7. Fadel, C., & Lemke, C. (2006). Technology in schools: What the research says. A report from the Metiri Group, commissioned by Cisco Systems.  

  8. Gardiner, M. M., Allee, L. L., Brown, P. M., Losey, J. E., Roy, H. E., & Smyth, R. R. (2012). Lessons from lady beetles: accuracy of monitoring data from US and UK citizen-science programs. Frontiers in Ecology and the Environment, 10(9), 471–476.

    Article  Google Scholar 

  9. Gray, S., Nicosia, K., & Jordan, R. (2012). Lessons learned from citizen science in the classroom. A Response to “The future of citizen science.” Democracy and Education, 20(2). Retrieved from

  10. Gupte, M., Shankar, P., Li, J., Muthukrishnan, S., & Iftode, L. (2011). Finding hierarchy in directed online social networks. In Proceedings of the 20th international conference on world wide web (pp. 557–566). New York, NY: ACM.

  11. Hakkarainen, K. (2003). Emergence of progressive-inquiry culture in computer-supported collaborative learning. Learning Environments Research, 6(2), 199–220.

    Article  Google Scholar 

  12. Hakkarainen, K., & Sintonen, M. (2002). The interrogative model of inquiry and computer-supported learning. Science & Education, 11(1), 25–43.

    Article  Google Scholar 

  13. Hargreaves, A. (1994). Changing teachers, changing times: Teachers’ work and culture in the postmodern age. London: Continuum.

    Google Scholar 

  14. Hewitt, J., & Teplovs, C. (1999). An analysis of growth patterns in computer conferencing threads. In Proceedings of the 1999 conference on computer support for collaborative learning. Palo Alto: International Society of the Learning Sciences. Retrieved from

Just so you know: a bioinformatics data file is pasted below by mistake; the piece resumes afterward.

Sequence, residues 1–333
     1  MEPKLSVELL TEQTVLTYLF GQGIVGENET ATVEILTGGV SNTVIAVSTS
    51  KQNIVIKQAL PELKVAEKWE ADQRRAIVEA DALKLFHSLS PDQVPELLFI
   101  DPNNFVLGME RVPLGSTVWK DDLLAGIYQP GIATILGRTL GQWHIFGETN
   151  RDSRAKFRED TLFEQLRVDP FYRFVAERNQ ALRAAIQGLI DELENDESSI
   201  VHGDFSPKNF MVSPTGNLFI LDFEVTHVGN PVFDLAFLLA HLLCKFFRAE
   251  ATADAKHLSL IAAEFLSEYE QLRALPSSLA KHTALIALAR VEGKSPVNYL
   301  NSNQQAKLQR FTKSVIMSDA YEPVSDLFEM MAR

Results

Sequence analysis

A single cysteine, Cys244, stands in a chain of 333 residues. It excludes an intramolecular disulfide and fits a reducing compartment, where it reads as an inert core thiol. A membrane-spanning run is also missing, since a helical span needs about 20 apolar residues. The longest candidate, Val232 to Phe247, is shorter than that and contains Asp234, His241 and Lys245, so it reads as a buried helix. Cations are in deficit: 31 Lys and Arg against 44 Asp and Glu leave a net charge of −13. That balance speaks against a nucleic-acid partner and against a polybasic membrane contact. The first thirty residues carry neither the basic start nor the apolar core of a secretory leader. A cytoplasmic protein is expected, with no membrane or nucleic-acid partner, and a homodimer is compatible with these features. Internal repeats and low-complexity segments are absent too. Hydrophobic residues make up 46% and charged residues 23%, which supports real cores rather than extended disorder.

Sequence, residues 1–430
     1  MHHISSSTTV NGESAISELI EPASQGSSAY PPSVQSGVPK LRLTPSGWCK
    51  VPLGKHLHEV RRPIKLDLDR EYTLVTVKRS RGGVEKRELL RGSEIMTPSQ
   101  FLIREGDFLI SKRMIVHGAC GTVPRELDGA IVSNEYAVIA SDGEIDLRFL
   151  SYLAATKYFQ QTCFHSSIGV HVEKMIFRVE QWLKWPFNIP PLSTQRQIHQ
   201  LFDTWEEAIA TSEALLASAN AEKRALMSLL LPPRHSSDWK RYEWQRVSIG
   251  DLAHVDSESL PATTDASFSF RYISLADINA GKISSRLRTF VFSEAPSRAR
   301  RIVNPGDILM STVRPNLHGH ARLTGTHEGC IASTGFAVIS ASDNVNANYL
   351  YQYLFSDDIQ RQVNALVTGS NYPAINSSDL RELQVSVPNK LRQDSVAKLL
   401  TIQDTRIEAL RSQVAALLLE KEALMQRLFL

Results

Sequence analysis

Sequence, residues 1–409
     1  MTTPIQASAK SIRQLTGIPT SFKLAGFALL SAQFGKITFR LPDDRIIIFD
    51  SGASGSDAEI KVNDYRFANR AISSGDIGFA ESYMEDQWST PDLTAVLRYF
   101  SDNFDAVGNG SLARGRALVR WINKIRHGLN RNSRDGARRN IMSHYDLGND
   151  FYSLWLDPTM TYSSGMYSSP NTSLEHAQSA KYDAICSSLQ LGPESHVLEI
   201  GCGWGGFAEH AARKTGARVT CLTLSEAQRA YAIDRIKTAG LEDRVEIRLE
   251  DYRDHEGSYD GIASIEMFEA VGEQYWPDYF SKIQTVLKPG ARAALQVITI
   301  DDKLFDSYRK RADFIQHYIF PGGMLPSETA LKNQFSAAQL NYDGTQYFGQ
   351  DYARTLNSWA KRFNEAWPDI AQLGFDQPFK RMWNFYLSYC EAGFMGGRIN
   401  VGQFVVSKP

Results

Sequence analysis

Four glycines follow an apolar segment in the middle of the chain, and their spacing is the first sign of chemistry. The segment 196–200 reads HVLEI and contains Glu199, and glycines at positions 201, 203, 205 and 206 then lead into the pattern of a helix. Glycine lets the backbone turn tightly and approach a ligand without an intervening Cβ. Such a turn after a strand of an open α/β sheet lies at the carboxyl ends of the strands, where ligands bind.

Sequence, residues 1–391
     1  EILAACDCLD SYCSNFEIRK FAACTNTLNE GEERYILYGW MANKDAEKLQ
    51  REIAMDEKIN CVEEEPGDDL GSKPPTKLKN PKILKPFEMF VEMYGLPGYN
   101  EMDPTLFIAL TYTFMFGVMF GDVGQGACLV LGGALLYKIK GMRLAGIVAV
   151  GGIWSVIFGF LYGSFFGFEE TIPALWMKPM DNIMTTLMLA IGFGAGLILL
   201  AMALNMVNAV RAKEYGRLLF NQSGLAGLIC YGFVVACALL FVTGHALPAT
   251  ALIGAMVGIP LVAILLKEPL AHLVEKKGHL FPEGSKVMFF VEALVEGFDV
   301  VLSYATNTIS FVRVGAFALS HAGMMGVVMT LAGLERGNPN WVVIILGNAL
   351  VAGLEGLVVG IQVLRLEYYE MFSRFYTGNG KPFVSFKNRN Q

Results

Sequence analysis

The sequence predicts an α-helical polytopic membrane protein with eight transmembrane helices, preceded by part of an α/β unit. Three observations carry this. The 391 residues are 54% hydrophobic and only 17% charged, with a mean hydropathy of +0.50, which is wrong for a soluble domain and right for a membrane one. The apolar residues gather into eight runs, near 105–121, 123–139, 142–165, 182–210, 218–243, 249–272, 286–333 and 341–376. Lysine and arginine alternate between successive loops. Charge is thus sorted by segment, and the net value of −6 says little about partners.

15. Howell-Richardson, C., & Mellar, H. (1996). A methodology for the analysis of patterns of participation within computer mediated communication courses. Instructional Science, 24(1), 47–69.

    Article  Google Scholar 

  16. John-Steiner, V., & Mahn, H. (1996). Sociocultural approaches to learning and development: A Vygotskian framework. Educational Psychologist, 31(3–4), 191–206.

    Article  Google Scholar 

  17. Kozulin, A., Gindis, B., Ageyev, V. S., & Miller, S. M. (2003). Vygotsky’s educational theory in cultural context. New York: Cambridge University Press.

    Google Scholar 

  18. Lai, M., & Law, N. (2013). Questioning and the quality of knowledge constructed in a CSCL context: A study on two grade-levels of students. Instructional Science, 41(3), 597–620.

    Article  Google Scholar 

  19. Louv, R. (2012). The nature principle: Human restoration and the end of nature-deficit disorder. Chapel Hill: Algonquin Books.

    Google Scholar 

  20. Oshima, J., Scardamalia, M., & Bereiter, C. (1996). Collaborative learning processes associated with high and low conceptual progress. Instructional Science, 24(2), 125–155.